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High Permeability

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CJFill-HP (High Permeability) is designed for mass lightweight fills where high permeability is required. It is primarily used to reduce buoyancy of mass fills subject to percolating water or inundation.

Typical CJFill-HP Physical Properties

Wet Cast Density25lb/cuft35lb/cuft
Cured Density16lb/cuft32lb/cuft
Compressive Strength (ASTM C495 @ 28 days)25psi (3.6KSF)200psi (28.8KSF)
Permeability (ASTM D2434 modified)2 cm/sec0.5 cm/sec

Typical Applications

CJFill-HP is provides the lowest unit weights, with bearing capacities and permeabilities exceeding those of soil. For example, 25lb/cuft High Permeability CJFill provides an 3.6KSF unconfined compressive strength, and a dry cured density of less than 20lb/cuft. When replacing soil or stone as backfill material, this can provide load reductions of up to 7 times, while increasing permeability.

Because the material cures into a self-supporting mass, it does not impart lateral loads on structures after it cures. Cure times (to accept foot traffic) are ambient temperature dependent. Typically, foot traffic with nominal prints is possible within six hours. CJFill-HP 30lb/cuft material can accept a 25 ton excavator in fewer than 24 hours.

CJFill-HP Mix Designs

The vast majority of CJFill-HP uses neat mix cement paste. In most markets, this is Type-1L cement. Material generated with Type-1L cement tends to require slightly higher water : cement ratio. Otherwise, there are no impacts on mixes or physical properties. 1L cement is a blend of Portland Cement and up to 15% of limestone. Most 1L cements are around 8% limestone content.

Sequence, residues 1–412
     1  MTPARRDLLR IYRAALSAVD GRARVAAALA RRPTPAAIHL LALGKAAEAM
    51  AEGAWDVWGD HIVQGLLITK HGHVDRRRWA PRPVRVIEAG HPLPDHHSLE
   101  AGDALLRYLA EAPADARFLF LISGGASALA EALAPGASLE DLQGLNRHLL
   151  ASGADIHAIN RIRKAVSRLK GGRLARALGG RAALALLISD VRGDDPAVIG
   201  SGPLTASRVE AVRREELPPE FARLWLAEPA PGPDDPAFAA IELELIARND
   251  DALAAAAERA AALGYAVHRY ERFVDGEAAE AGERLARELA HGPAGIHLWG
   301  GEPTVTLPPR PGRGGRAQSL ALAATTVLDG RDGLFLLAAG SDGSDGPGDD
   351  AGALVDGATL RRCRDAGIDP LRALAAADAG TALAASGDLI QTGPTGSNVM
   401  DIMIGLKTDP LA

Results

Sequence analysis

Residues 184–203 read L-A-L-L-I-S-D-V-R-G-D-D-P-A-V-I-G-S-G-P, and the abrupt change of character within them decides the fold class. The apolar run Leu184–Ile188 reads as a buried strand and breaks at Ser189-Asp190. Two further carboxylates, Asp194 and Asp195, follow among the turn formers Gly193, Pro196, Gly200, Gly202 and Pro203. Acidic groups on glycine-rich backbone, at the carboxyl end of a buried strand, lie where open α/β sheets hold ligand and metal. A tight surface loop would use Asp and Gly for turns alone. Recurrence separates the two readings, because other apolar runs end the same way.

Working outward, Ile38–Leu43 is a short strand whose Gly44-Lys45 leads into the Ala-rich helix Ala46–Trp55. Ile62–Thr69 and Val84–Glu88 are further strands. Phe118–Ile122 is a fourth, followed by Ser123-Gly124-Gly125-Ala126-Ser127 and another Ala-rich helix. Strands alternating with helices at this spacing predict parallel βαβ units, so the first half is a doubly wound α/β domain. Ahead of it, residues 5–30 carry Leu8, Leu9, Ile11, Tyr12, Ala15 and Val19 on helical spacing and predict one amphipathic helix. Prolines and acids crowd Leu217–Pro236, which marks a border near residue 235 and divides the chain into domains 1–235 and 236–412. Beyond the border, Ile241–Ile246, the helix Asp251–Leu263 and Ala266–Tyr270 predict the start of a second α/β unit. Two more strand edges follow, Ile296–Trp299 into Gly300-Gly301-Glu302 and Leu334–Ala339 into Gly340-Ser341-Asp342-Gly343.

High Permeability CJFill ranges from 25lb/cuft to 35lb/cuft. Density is infinitely variable within that range, and compressive strength increases with density. Wet cast density is programmed into the batch plant onsite, and is controlled by adjusting the ratio of cement paste to foam.

Supplementary Cementitious Materials

Supplementary cementitious materials, such as fly ash and slag, can be integrated into the paste component of Standard CJFill. This is typically only economical in very large placements. This is because slag generally costs the same as Portland Cement. Fly ash, while generally cheaper, is difficult to source in some markets. SCMs also increase the relative alkalis content of paste, which is not problematic from an aggregate compatibility perspective, can cause compatibility problems with the preformed foaming agents used to generate the fill material.

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